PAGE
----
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How to write better alt-text descriptions for accessibility

my golden retriever dog, ralph, posing for a photo on a path in the woods

Read the full article on the big hack website: https://bighack.org/how-to-write-better-alt-text-descriptions-for-accessibility/

Adding alt-text to images is an important part of web accessibility. It allows people using screen readers to process images on a page. It includes visually impaired and blind users in the conversation.

WebAIM’s analysis of the top homepages in the world continues to cite missing alt-text as one of the most common accessibility failings. So why, given its importance, is alt-text often so badly implemented?

From a technical perspective, alt-text is simple to add for anyone familiar with a content management system. But knowing how to write a description that is actually useful can be a little harder.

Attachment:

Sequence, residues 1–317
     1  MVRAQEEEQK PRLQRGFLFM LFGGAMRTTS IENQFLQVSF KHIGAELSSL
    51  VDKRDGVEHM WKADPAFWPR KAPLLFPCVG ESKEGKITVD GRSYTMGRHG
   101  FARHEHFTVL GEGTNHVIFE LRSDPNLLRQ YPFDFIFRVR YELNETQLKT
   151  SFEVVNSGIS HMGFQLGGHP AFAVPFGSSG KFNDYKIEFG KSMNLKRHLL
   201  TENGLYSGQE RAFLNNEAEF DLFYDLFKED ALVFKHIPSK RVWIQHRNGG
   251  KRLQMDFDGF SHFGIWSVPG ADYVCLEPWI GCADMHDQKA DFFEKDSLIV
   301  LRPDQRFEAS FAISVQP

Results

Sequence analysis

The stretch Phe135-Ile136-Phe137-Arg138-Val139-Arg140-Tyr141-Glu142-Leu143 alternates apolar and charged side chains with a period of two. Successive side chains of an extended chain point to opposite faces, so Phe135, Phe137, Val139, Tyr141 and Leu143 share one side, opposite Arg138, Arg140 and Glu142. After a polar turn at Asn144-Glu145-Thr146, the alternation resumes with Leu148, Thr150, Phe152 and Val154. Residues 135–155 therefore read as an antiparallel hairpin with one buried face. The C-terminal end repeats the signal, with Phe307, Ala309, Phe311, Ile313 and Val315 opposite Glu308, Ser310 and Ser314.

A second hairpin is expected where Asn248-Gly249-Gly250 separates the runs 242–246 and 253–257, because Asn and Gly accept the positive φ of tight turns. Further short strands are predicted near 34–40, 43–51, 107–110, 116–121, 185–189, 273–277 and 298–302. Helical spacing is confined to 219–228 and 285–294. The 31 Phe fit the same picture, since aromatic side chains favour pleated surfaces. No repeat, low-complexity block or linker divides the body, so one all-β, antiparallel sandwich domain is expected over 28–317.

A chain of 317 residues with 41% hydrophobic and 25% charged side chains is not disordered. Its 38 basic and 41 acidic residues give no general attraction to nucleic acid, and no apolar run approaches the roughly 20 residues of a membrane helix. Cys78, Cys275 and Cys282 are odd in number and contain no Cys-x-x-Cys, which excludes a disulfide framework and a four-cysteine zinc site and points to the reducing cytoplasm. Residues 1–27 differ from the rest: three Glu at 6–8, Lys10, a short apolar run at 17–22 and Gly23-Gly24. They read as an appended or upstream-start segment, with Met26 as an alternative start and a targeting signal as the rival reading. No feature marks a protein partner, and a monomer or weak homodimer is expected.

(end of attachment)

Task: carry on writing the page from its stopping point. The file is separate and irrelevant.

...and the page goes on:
This guidance is aimed at content editors, authors and managers but will be useful to anyone who publishes to social media. Twitter, Facebook and Instagram users can now add alt-text to posts to improve accessibility.

Why alt-text is important for accessibility

Not everyone visiting your website will be able to see the images. Certain disabled, visually impaired and blind users may rely on assistive technology like screen readers or text-to-speech software to process web pages for them.

If no alt-text is provided, a screen reader will simply say “Image” or, depending on the device may read the file name (for example “078GUU.jpeg”) aloud.

Any image that contains critical information or information that improves understanding in the context of the document must have alt-text. If not, that information becomes inaccessible to those users.

Read the full article in full on the big hack website: https://bighack.org/how-to-write-better-alt-text-descriptions-for-accessibility/

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